See how many weeks of unemployment benefits are available in your state

Benefit Extension: Your eligibility and the total amount of weeks for compensation are the major changes in the 2012 legislation bill. Congress has permitted States to administer drug testing for unemployed individuals seeking an extension of benefits if they were previously laid off due to the use of drugs.

In order to obtain the full 73 weeks of State compensation update, most states still require an active job search, as was the case in 2012.


State requirements of unemployment will vary, relying heavily on the seasonally adjusted unemployment rate.

Extension of Compensation
*Individuals who have collected all regular State benefits are those who can seek eligibility for the new unemployment bill, by starting with 13 weeks of federal extended benefits, referred to as extended Federal benefits or the "EB" Program. The EB Program is also relies on the state`s economic status to determine lengths & amounts.

Check the update page for legislation revisions throughout 2013.


After utilizing your Extended Benefits for 13 weeks, unemployed individuals can continue receiving benefits through the EUC (More on Emergency Unemployment Compensation). 2013 Extended benefit lengths are determined by which tier the individual falls into. The new Senate bill of December 2012 is comprised of 4 separate EUC tiers (each tier defines how long your extension will last).

Passing of the New Legislation Bill:



Federal Tiers Structure


(63 Weeks to 73 Weeks)

Details of the new enacted tiers, and a comprehensive benefit calculator is available to claimants. These changes were enacted on June 1, 2012 (prior to June, all tiers remained the same for claimants as was the case in 2011 for 99ers. It is important to note that in 2013, there is no tier 5 (99 weeks was reduced to 73 weeks). The 2013 legislation terms for the bill are as follows:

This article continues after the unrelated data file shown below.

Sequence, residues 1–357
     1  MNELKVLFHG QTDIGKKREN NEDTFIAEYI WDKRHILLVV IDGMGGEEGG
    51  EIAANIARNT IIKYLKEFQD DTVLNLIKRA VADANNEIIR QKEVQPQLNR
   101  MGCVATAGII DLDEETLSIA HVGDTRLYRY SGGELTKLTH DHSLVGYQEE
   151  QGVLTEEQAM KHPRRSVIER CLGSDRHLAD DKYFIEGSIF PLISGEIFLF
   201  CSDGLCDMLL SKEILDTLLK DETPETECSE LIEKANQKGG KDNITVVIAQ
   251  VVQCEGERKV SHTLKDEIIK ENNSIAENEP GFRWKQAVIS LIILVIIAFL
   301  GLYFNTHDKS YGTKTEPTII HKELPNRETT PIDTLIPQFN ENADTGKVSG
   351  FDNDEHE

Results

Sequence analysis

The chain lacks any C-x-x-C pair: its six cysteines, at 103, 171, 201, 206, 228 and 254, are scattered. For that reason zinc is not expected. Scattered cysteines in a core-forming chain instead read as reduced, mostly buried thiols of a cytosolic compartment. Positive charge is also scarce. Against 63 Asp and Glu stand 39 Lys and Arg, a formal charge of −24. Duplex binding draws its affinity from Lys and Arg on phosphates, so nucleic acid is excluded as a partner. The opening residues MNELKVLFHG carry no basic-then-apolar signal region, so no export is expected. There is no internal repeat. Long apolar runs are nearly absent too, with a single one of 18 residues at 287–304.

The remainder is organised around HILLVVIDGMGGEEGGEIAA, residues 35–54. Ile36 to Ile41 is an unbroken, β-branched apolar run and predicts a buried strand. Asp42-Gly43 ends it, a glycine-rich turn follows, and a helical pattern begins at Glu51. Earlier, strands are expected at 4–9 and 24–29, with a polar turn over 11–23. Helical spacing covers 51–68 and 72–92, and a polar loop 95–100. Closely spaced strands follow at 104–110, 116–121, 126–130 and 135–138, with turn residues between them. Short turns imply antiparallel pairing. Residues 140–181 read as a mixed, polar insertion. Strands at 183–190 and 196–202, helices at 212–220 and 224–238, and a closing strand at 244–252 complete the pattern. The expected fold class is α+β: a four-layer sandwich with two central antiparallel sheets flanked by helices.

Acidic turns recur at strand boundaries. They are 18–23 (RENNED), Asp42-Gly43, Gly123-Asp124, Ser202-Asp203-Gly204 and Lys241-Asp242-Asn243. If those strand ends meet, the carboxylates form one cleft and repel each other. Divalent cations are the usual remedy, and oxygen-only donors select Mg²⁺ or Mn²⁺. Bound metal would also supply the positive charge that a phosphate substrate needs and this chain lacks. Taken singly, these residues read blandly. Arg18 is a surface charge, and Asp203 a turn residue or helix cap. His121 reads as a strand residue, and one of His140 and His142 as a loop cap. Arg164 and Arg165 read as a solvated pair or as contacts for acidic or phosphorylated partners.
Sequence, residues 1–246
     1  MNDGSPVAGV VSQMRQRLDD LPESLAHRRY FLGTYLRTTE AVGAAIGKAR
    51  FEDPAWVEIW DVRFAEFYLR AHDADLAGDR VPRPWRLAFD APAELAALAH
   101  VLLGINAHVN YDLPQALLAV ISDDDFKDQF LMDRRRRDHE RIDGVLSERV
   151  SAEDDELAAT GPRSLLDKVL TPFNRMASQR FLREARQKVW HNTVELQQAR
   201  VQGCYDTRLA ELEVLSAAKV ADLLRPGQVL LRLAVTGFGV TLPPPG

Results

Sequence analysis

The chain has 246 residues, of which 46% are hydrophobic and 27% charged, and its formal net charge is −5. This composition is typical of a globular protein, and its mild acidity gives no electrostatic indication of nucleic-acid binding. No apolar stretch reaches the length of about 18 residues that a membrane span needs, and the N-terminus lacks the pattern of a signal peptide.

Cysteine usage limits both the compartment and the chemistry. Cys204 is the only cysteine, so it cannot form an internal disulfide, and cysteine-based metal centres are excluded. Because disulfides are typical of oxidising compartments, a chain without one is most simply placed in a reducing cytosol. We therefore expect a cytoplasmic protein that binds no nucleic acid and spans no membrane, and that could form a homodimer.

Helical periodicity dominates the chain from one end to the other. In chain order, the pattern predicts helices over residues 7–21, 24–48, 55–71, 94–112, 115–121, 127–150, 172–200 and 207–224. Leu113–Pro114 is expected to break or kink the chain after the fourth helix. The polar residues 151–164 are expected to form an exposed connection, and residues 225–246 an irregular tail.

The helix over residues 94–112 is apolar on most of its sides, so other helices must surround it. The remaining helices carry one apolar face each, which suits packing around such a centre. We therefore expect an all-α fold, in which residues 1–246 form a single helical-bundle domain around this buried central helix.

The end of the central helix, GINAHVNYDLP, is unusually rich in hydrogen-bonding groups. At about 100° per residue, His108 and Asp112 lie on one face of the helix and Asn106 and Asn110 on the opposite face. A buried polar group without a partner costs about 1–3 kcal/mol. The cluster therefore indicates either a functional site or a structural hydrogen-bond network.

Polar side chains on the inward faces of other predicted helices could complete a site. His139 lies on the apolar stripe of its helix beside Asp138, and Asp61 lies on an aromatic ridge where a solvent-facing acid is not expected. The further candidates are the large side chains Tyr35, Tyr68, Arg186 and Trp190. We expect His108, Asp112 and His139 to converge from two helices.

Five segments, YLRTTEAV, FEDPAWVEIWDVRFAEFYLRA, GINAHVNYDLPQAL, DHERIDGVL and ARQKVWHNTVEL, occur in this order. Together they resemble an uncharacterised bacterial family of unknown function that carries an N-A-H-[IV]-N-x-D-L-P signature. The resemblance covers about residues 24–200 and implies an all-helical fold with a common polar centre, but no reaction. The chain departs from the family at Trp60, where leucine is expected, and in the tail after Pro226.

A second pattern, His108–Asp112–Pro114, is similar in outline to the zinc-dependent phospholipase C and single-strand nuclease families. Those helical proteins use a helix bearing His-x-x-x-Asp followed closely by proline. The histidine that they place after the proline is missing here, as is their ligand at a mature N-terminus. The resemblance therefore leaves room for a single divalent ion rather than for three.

Extended Benefits For 73 Weeks

(UNTIL END OF 2013)
  • Tier 1: 14 weeks
  • Tier 2: 14 weeks
  • Tier 3: 9 weeks
  • Tier 4: 10 weeks (when your State is 9% or higher - if your State is losing extended benefits, then you are entitled to 16 weeks of unemployment insurance.
  • Depending on the date you lost your job, you may qualify for a different tier structure.
Changed Tiers Implemented Until August
(TO AUGUST OF 2012)
  • Tier 1: 20 weeks
  • Tier 2: 14 weeks IF state rate passes 6%.
  • Tier 3: 13 weeks IF state rate passes 7%.
  • Tier 4: Six weeks IF state rate passes 9%
New Extended Tier Plan (EUC)
(SEPTEMBER `12 - DECEMBER `13)
  • Tier 1: 14 weeks
  • Tier 2: 14 weeks IF state rate passes 6%.
  • Tier 3: 9 weeks IF state rate passes 7%.
  • Tier 4: 10 weeks IF state rate passes 9%

Maximum Amount of Weeks For Collecting (2012-2013)

Here is an overview of the maximum lengths this year:

  • FROM MARCH TO MAY: 99 WEEKS
  • FROM JUNE TO AUGUST: 79 WEEKS
  • FROM SEPTEMBER TO DECEMBER: 99 WEEKS


Initial Claims (by State)


File for unemployment
WA OR CA NV ID MT WY UT AZ CO NM ND SD MN NE TX WI MI ID OK KS MO AR LA IL MS IN TN AL FL GA KY OH NC SC VA WV MD DE PA NJ NYS VT CT MA NH ME AK RI HI


Unemployed individuals are welcome to check the news update section for the latest legislation revisions to all State benefit plans.